Figure 6.

Relationship of energy per unit volume computed at the branching point, as seen from the seawater conduit (HBs) and the mixed water conduit (HBm) vs. seawater flow rate for 0.25 and 4.5 m3/s of freshwater flow rate. Results correspond to steady-flow simulations of both Turbulent–Porous and Turbulent-turbulent conceptual models (Table 1). Single vertical dashed lines mark the energy equilibrium points. Arrows indicate the difference in seawater flow rate for a particular freshwater flow rate, between the T–T and T–P conceptual models.

The relation of salt mass fraction and spring discharge in the T–T model differs from that obtained for the T–P case near the extreme values of spring discharge (Figure 5b). Thus, the salinity of the spring for lower and higher flow rates on the T–T model increases slightly with respect to that of the T–P case to finally end at the same point. The relationship of the curve at extreme values of spring discharge may therefore be used as a distinctive feature of T–P or T–T conceptual models. This issue is discussed in detail later.

4.2. Solution for the first extreme point (zero seawater and freshwater flow rates)

We discuss here the two points with zero seawater flow in the freshwater–seawater curve. Figure 5a shows that Qs tends to zero when Qf approaches zero and for a particular high value of Qf. Figure 5a shows that when the freshwater inflow from the aquifer decreases to zero, the seawater intrusion at the conduit branching also decreases but in a lesser degree. As a consequence, the density of the mixed water flowing up towards the spring mouth increases as does the weight of the water column connected to the spring mouth. Eventually, energy loss and kinetic terms become negligible. Ignoring all velocity dependent terms in Equations (16) and (17) or (18) yields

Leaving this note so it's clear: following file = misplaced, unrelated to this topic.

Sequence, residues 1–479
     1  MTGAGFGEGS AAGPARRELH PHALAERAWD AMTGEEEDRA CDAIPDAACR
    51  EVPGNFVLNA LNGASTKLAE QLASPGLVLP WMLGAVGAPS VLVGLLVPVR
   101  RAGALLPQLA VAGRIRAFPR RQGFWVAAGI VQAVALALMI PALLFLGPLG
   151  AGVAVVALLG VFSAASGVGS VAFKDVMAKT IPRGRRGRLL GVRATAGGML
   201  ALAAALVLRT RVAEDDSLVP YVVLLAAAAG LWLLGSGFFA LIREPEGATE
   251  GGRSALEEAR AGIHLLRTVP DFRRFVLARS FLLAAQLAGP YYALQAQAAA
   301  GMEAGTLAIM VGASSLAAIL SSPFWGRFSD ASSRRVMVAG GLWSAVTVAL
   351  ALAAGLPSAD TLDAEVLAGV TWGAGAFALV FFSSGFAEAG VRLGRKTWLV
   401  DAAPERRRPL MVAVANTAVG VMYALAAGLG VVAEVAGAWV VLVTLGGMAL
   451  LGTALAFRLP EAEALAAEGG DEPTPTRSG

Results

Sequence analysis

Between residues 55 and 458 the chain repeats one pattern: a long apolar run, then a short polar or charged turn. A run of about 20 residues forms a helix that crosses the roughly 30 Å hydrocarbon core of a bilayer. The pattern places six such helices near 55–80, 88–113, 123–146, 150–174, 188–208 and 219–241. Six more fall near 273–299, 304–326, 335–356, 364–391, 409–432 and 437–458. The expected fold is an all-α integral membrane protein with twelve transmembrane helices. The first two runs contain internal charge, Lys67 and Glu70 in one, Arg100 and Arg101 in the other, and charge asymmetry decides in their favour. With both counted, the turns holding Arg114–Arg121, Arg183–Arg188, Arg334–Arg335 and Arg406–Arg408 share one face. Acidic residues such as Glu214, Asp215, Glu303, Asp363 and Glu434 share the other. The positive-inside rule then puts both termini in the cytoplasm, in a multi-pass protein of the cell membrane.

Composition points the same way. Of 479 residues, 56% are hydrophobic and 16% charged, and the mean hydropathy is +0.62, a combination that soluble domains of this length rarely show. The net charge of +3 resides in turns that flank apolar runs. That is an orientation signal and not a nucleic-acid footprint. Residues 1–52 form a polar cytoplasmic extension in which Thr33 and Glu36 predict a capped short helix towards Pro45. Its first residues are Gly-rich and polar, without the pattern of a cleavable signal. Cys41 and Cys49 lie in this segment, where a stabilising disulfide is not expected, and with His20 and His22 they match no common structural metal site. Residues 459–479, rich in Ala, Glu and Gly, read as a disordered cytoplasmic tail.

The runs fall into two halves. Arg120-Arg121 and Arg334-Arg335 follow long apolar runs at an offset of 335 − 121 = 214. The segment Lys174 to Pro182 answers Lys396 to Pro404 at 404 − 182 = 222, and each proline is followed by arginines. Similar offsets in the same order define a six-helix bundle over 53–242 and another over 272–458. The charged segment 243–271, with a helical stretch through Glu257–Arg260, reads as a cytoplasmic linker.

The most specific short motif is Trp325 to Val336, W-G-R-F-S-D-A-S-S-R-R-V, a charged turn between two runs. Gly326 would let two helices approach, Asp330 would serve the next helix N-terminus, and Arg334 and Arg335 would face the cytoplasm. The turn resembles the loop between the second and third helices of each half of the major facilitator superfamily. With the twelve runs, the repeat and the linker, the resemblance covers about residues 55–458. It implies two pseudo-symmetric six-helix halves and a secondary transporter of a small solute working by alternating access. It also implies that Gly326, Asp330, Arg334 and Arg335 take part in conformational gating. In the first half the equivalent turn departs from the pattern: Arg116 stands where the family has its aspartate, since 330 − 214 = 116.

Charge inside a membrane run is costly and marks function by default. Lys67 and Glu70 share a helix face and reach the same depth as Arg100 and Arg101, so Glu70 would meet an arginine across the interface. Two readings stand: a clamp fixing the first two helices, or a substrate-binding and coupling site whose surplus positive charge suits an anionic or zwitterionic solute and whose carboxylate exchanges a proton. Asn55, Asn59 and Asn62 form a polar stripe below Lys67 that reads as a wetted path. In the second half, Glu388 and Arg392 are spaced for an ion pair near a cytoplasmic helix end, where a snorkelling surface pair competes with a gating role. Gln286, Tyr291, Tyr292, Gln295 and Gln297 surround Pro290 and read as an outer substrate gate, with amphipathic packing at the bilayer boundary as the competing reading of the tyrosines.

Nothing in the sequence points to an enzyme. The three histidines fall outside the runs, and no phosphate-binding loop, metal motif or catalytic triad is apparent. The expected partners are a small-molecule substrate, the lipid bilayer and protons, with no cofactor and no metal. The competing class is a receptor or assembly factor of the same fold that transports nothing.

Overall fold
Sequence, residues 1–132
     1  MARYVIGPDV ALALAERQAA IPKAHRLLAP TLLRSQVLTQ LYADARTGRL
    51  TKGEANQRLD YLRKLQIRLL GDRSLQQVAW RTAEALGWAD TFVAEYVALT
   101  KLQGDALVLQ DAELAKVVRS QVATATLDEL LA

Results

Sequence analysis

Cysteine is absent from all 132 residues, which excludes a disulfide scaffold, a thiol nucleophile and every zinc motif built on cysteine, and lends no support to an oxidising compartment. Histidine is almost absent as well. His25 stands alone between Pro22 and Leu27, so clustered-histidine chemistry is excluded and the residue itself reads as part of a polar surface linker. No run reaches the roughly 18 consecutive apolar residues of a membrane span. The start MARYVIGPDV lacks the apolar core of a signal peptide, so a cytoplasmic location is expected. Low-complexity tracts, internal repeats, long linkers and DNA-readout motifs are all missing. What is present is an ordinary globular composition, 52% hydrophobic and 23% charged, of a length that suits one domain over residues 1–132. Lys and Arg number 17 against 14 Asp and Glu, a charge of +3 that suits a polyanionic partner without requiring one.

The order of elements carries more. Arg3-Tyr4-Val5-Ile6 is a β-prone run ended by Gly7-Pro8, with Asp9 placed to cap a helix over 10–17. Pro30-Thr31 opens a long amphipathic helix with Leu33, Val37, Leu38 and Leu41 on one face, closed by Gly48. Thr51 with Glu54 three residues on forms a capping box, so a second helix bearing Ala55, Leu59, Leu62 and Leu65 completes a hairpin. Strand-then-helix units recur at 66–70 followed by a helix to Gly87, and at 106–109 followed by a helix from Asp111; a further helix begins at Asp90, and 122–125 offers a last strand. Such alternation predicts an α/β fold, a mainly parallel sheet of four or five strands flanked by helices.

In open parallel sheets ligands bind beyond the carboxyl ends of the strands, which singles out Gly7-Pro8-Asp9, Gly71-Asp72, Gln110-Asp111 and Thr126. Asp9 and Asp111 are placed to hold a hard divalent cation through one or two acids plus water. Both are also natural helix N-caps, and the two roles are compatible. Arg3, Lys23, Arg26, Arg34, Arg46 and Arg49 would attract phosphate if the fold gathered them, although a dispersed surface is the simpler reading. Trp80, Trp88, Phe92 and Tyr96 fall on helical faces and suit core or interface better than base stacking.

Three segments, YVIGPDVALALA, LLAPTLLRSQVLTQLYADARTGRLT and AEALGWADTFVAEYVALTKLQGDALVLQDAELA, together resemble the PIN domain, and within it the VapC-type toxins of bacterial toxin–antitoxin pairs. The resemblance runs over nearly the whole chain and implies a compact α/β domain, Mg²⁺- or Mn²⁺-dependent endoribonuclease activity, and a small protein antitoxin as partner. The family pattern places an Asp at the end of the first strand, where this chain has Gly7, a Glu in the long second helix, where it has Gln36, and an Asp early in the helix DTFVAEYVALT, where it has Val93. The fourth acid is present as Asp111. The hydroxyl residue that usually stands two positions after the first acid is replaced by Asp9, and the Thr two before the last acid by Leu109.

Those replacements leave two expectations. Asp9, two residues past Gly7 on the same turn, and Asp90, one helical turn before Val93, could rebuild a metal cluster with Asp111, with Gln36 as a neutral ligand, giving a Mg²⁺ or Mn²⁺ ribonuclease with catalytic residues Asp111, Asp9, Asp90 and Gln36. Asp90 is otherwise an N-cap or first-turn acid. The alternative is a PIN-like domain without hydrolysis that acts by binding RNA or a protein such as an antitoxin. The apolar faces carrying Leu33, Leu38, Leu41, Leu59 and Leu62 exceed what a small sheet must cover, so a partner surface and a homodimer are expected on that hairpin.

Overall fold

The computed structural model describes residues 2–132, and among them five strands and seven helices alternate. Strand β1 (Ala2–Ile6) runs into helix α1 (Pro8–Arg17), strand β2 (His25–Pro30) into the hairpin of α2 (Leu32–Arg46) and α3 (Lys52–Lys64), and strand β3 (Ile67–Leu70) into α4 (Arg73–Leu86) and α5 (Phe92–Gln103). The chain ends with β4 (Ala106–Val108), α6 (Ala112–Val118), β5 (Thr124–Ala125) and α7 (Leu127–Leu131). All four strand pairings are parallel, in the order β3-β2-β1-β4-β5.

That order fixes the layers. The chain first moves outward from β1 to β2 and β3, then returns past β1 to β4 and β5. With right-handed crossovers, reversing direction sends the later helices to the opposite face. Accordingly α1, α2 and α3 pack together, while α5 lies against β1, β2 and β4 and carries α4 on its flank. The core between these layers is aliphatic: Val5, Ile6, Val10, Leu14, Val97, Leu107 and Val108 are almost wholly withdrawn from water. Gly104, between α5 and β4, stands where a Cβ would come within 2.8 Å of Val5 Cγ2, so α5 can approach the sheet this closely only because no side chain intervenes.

𝜌 m L m = 𝜌 s z B (19)
which simply expresses that the weight (pressure) of seawater at the branching point equals the weight of the mixed water column. This expression allows us to derive the elevation of the branching point from the elevation of the spring mouth and the concentration for extremely low flow. In fact, using Equation (11) for 𝜌m and 𝜌s, and Lm = zspringzB yields
z B = z spring 1 exp [ 𝛼 ( c s c m ) ] (20)
where zB is negative because cm < cs. It is also worth pointing that, in the T–T case, all ignored terms depend on Q2. Therefore, concentration at the spring mouth should tend to a constant value as Q tends to zero. That is
c m Q Q = 0 = 0 (21)
which explains why cm becomes constant for small Q in the T–T graph of Figure 5b.

On the contrary, for the T–P case the concentration at the spring mouth decreases linearly with Q for small Q values (Figure 5b). In fact, equating HBm (Equation (16)) and HBs (Equation (18)) and taking derivatives yields

c m Q Q = 0 = 𝜇 L m A s k ( c s c f ) 𝛼 ( c m c f ) (22)
which suggests that hydraulic resistance of porous conduit could be derived from the slope of the cm vs. Q graph.

That the behaviour near the origin does not depend much on hydraulic parameters is also shown in the freshwater vs. saltwater discharge curve. Taking derivatives of the mass balance equations (13) and (14) with respect to the Qf yields

Q s Q f Q f = 0 = 𝜌 f c m 𝜌 s ( c s c m ) (23)
which depends solely on cm. Since cm at the origin only depends on ZB, so does the slope of the QsQf curve. This can indeed be seen in Figure 5a. In fact, this slope defines a straight line above which it is not possible to find any valid Qs value.

In summary, the behaviour of the QsQf and cmQ curves at the origin is informative of the depth of the branching point, which can be derived either from cm or from the slope of the QsQf curve. It is also informative of the type of seawater conduit: turbulent if the slope of the cmQ curve is zero, or darcian, otherwise. In the latter case, the slope of the cmQ curve at the origin allows one to derive the hydraulic resistance of the seawater conduit.